Justice and Law Enforcement:
Information on Immigration Enforcement and Supervisory Promotions in the Department of Homeland Security's Immigration and Customs Enforcement and Customs and Border Protection
GAO-06-751R: Published: Jun 13, 2006. Publicly Released: Jun 13, 2006.
- Accessible Text:
After the creation of the Department of Homeland Security (DHS) in March 2003, two legacy enforcement agencies--the former Immigration and Naturalization Service (INS) and the U.S. Customs Service (USCS)--were among the 22 federal agencies brought together within DHS. This transformation in turn merged the legacy INS and USCS investigators into the U.S. Immigration and Customs Enforcement (ICE) Office of Investigations (OI), and legacy INS and USCS inspectors, among others, into Customs and Border Protection (CBP). It has been nearly 3 years since the merger and efforts to integrate thousands of federal employees within ICE and CBP continue. Congress raised questions about ongoing human capital challenges brought about by the integration of legacy enforcement employees within ICE and CBP. In prior work, we have reported on the management and human capital challenges DHS faces as it merges the workforces of legacy agencies, including the need to clarify the roles and responsibilities of the new agencies, the difficulty of legacy staff operating from separate locations, and how it decides to allocate investigative resources. This report addresses the following objectives: (1) How many investigative work years were dedicated to immigration enforcement activities for fiscal years 1999 through 2005? (2) What factors does ICE use as the basis for allocating its investigative resources? (3) What assessments do ICE and CBP use as a basis for making decisions on supervisory promotions? (4) Have ICE and CBP supervisory promotions been distributed between legacy INS and USCS staff in proportion to the supervisory staff each legacy agency brought to ICE and CBP?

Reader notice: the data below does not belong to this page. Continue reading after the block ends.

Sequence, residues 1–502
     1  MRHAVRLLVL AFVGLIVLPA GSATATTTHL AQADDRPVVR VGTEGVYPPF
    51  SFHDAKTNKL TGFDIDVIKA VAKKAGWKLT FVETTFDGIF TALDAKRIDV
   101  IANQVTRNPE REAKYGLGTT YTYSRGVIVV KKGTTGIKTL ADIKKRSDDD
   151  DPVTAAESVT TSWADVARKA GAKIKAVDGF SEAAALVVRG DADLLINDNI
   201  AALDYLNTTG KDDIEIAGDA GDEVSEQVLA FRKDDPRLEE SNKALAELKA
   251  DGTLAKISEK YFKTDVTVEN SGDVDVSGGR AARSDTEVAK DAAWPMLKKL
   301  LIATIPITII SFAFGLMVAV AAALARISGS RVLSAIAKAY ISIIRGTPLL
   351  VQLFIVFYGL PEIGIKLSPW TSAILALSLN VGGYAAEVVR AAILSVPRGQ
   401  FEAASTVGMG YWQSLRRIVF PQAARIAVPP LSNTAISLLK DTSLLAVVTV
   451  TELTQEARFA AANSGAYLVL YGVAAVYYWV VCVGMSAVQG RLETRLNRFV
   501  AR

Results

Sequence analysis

Investigative work years for immigration enforcement were generally declining under INS, but have increased since ICE was formed in 2003. Specifically, investigative work years for immigration enforcement under INS decreased by about 14 percent from fiscal years 1999 through 2002, and increased in fiscal year 2003. From fiscal year 1999 through fiscal year 2001, INS was having difficulty recruiting and retaining staff and INS experienced about an 8 to 9 percent annual attrition in investigative staff, which in part explains the decrease in work years during the 1999 through 2002 period. The number of investigative work years spent on immigration enforcement investigations rose by 2 percent in fiscal year 2004 and by 16 percent in fiscal year 2005. ICE uses a combination of factors to allocate its investigative resources, including whether an investigation indicates a potential threat to national security, the execution of special programs run out of headquarters divisions and units like Operation Community Shield, which targets violent street gang members, and carry-over legacy activities, such as support for implementation of the national drug control strategy. About half of ICE investigative resources were used for drug, financial (the criminal or civil violation of financial laws enforced by ICE, such as money laundering), and general alien (the varied criminal and administrative cases where the subject's alienage is a requirement of the offense) investigations in fiscal years 2004 and 2005. ICE and CBP supervisory promotion decisions are based on weighted assessments measuring supervisory skills as well as knowledge of investigative and inspectional procedures and laws. Assessments common to ICE and CBP that do not require specialized legacy agency knowledge and are evaluated through testing are Critical Thinking (logic and problem solving), Managerial Writing (written communication), and an In-basket Job Simulation (ability to prioritize and manage). The Job Knowledge Test in ICE measures knowledge of customs and immigration laws and general investigative procedures across the range of ICE investigative activities and is divided into equally weighted sections testing knowledge of smuggling and public safety, financial investigations, investigative services, national security investigations, and general criminal investigations techniques. CBP's Career Experience Inventory measures knowledge of customs and immigration laws and inspectional procedures as well as experience performing supervisory and management functions. We did not verify these assessments or test how well they measure the knowledge and skills they address. For one promotion cycle in ICE, legacy INS staff received about two-thirds of the total supervisory promotions to GS grades 14 and 15. In fiscal year 2004, ICE noncompetitively promoted more than 200 legacy INS GS-13 supervisors to GS-14 to bring about parity with legacy USCS supervisory investigators who were at the GS-14 grade level. Promotions were more proportional to existing on board distributions of legacy supervisory personnel in fiscal year 2005, that is, legacy INS supervisors constituted 34 percent of the GS-14 and -15 supervisors and received 36 percent of the promotions that year. At CBP, the distribution of GS-12 to -15 supervisory promotions for fiscal years 2004 through 2006 was generally proportional to the distribution of legacy staff in those positions at the start of each fiscal year. For example, in fiscal year 2004, legacy INS staff constituted 34 percent of the on board supervisors and received 30 percent of the promotions, while legacy USCS staff constituted 66 percent of the on board supervisors and received 70 percent of the promotions.